Upon receiving the terminal diagnosis, Zak understandably focused on his health rather than the financial chain reaction his illness would set off. “Over time, with all the chemo, drugs and treatments, I was effectively fired from my job, which meant I lost my income, and despite my best efforts, struggled to cover basic bills like gas and electricity. I remember being in my hospital bed speaking to NatWest, who I had my mortgage with, trying to negotiate a payment holiday because I didn't want to lose the house. I didn’t realise at the time but taking a payment holiday is deemed as a default… my credit score plummeted to zero.”

The situation caused a huge amount of stress for Zak and his family; although the treatment worked and he went into remission, he “was left with an abominable credit score which would last on my record for six years”.

“Credit scores don’t take into account personal history or recognise the diversity of the human experience,” he adds. “When you default on a payment, they don’t investigate the circumstances that contributed to that. They don’t ask if you have serious health issues or if there’s a genuine, unavoidable reason. It’s yes or no.”

Zak, who is now a Salad Money customer, said his experience highlighted a “deep flaw” in the credit system that he hadn’t previously been aware of. “I think whoever designed credit scores didn’t know a thing about real life,” he says. “Financial services need to be more empathetic, considering each individual case, not just the numbers.”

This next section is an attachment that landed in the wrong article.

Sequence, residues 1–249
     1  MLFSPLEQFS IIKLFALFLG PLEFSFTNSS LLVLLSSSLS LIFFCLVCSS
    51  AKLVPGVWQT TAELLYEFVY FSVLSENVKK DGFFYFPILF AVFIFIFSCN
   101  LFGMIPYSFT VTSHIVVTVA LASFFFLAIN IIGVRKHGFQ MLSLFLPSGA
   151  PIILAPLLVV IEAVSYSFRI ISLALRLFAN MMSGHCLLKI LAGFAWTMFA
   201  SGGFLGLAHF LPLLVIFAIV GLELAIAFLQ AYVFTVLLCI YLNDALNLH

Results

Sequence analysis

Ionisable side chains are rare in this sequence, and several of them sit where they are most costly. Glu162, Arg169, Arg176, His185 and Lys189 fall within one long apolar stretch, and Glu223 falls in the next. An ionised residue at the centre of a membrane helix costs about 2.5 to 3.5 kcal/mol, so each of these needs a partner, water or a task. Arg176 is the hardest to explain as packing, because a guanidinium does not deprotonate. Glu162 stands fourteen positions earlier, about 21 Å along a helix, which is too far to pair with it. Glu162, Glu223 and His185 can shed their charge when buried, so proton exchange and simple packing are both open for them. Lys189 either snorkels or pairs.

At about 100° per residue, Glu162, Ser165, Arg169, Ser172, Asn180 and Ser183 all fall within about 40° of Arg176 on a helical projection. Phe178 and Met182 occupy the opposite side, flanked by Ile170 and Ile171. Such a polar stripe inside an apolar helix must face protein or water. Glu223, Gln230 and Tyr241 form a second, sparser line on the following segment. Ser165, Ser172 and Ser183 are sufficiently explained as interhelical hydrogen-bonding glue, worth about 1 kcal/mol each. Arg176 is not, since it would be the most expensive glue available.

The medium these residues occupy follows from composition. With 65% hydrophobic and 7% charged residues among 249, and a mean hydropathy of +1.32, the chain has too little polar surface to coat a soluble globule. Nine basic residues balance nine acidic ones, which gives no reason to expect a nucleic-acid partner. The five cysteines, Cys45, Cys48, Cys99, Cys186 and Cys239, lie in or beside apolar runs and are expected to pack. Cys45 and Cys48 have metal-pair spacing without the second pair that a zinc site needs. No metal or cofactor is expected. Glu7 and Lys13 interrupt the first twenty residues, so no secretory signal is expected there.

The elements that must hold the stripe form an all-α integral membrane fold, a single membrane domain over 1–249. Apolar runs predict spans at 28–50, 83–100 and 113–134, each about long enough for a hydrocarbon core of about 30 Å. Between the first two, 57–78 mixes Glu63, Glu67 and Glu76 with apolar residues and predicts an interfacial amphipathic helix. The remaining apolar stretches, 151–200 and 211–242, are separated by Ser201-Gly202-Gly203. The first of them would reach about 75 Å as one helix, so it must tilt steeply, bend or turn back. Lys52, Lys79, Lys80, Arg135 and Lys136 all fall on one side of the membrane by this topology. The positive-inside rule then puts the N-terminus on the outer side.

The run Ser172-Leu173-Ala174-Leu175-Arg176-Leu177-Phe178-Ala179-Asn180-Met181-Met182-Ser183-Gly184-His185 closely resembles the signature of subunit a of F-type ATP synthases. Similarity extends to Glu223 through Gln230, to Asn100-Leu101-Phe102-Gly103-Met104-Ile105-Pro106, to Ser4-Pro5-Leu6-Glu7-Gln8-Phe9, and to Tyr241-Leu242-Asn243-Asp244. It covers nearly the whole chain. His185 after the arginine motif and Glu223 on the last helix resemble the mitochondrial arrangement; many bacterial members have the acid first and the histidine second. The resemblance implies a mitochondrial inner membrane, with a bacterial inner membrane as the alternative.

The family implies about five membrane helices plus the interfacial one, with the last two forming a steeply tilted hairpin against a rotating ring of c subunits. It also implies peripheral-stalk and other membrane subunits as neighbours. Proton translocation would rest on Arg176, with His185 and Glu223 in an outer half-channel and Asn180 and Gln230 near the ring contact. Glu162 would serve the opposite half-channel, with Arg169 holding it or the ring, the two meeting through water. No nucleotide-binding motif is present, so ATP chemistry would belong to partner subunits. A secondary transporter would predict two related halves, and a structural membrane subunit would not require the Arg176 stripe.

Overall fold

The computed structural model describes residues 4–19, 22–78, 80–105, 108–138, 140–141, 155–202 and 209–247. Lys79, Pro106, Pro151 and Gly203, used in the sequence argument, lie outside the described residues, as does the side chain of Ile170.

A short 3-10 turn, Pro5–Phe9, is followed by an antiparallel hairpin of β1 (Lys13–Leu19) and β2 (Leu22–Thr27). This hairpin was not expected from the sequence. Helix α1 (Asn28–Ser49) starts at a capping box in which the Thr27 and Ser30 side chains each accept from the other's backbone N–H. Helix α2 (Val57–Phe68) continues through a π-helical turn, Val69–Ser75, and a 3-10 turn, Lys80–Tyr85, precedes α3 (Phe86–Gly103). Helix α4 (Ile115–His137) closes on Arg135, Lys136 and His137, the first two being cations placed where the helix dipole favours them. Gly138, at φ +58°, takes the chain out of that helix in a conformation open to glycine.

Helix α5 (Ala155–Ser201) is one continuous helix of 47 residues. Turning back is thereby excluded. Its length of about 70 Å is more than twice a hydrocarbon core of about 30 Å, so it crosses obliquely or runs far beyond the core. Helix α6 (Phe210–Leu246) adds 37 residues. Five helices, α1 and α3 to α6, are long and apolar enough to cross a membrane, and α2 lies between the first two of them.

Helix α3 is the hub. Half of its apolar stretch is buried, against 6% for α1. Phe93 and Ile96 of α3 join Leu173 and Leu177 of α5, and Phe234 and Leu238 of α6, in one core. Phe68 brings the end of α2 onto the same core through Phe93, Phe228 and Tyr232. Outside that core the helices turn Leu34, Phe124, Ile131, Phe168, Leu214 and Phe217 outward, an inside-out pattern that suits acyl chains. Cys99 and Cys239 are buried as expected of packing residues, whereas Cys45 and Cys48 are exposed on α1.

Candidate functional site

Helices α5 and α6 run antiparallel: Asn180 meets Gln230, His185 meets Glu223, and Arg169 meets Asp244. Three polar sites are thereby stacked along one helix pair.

The important thing to remember is that you are not your credit score – and unless you’re applying for a mortgage or loan, that number has very little bearing on your life. As consumer guru Martin Lewis recently said on an episode of his ITV show, “Your credit score, that credit score you get, doesn't really mean anything. Those credit scores are just a loose indication, small movements don't really mean any changes.“

“The only reason to be concerned about it is if you want to buy a house,” agrees Butler.

Although there are some simple ways to up your number – ensuring you’re on the electoral roll, keeping an eye on your score across the three CRAs and reporting any errors on your file, making payments on time, cancelling unused bank accounts, using eligibility calculators before applying for further credit, and not utilising your entire limit on credit cards each month – Butler’s top advice is to focus your energy on other good, robust financial practices.

“Put more time into the basics: building a cash emergency fund, growing your income, spending less on crap you don’t need, avoiding borrowing money like the plague,” he says. “Your credit score is just one of a number of factors; focus on the core fundamentals instead.”